The ongoing eruption of a Canary Islands volcano is raising concerns about the release of toxic clouds now that lava is actively pouring into the sea.
Lava in excess of 1,800 degrees Fahrenheit (1,000 degrees Celsius) is now plunging into the Atlantic Ocean, as Cumbre Vieja continues to erupt. Chemical reactions triggered by the union of hot lava and cool ocean water generate “laze” (a portmanteau of lava and haze), a dangerous mixture of steam, toxic gas (including hydrochloric acid), and tiny shards of volcanic glass. People living near the lava entry point are being asked to stay indoors given the health risks.
The eruption started on September 19, 2021, the result of fissures appearing on the western flanks of the Cumbre Vieja volcano. The volcano is located on the Spanish island of La Palma, which is home to nearly 85,000 residents.
Generous amounts of lava have been pouring down the volcanic slope, laying waste to homes, trees, farmland, and infrastructure (including many miles of roads). More than 6,000 people have had to evacuate, AFP reports, and to date more than 400 homes have been destroyed by lava, according to NASA Earth Observatory. The volcano continues to belch out large columns of smoke, resulting in ashfall and sulfur dioxide emissions. Nothing like this has been seen on La Palma since 1971.
From the moment lava began to flow, concerns were raised that the molten rock would eventually reach the Atlantic Ocean. These fears have now come true, as lava began to trickle into the ocean during the early hours of September 29, 10 days after the eruption started. The lava reached the ocean at an area known as Los Guirres beach or Playa Nueva.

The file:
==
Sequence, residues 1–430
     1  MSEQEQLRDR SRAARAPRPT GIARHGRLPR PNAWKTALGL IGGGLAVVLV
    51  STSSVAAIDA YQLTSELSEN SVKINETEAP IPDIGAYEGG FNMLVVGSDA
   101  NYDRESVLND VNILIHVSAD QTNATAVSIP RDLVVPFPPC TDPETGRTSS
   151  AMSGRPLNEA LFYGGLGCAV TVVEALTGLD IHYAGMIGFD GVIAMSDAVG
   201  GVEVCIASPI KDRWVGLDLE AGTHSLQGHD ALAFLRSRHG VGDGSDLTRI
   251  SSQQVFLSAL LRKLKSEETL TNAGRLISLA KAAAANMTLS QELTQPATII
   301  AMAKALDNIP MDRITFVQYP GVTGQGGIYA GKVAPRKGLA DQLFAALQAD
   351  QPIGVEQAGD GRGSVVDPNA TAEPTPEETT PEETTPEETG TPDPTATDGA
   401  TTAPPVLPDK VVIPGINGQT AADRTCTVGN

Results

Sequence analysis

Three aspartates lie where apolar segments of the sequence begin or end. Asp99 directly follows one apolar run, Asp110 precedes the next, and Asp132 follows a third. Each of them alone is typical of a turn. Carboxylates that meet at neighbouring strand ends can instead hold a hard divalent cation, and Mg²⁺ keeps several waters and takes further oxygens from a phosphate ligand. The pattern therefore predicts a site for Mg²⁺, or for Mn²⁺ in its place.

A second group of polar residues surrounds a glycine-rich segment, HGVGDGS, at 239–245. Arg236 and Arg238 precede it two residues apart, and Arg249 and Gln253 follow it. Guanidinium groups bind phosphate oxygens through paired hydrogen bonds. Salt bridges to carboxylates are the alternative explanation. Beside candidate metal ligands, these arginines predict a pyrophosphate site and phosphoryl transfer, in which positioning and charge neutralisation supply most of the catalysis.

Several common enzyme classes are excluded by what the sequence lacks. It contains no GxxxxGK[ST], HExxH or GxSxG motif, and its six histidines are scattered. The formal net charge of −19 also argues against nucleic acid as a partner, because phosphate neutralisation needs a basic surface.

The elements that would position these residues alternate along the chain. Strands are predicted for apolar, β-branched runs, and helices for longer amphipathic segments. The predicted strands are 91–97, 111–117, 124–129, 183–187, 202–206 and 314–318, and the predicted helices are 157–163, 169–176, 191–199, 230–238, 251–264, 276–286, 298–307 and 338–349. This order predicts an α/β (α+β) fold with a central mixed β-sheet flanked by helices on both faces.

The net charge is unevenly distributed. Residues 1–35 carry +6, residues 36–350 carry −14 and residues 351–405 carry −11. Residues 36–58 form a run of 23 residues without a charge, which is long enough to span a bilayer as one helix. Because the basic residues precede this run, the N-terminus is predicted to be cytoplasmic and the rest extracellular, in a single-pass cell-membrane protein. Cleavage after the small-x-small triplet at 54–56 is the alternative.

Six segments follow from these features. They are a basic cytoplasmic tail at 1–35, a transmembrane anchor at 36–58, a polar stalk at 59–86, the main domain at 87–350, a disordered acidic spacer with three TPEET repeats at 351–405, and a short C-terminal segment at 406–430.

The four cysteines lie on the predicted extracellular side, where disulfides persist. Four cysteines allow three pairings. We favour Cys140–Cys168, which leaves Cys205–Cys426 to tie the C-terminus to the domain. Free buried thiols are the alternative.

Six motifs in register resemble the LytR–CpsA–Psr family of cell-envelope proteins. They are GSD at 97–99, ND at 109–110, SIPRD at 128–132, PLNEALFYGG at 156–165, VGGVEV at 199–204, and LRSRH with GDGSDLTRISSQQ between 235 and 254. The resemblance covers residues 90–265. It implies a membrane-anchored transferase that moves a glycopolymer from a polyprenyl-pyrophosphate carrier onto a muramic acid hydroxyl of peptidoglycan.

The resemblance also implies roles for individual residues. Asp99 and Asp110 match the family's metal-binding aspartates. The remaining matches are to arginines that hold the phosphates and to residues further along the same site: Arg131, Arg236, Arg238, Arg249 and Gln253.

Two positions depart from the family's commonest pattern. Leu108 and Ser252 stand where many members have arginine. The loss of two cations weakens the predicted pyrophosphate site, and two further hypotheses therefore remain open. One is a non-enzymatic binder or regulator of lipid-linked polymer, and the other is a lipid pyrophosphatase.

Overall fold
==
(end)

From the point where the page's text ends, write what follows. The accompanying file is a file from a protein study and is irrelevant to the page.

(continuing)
Images taken from the Ramon Margalef, a research vessel operated by the Spanish Oceanography Institute, shows the red hot lava creeping into the ocean and the resulting clouds of volcanic fumes. The magma, as it solidifies, will likely reshape the coastline, extending the volcanic delta even farther.
Officials in La Palma have created an exclusion zone that extends for two nautical miles around the point where the lava was expected to reach the ocean. The Canary Islands Volcanology Institute issued a stern warning: “Inhalation or contact with acid gases and liquids can irritate the skin, eyes and respiratory tract, and may cause breathing difficulties, especially in people with pre-existing respiratory diseases.”
Cumbre Vieja shows no signs of letting up, and the eruption could last for several weeks or months. With toxic fumes now wafting through La Palma’s western coast, this natural disaster can’t end soon enough.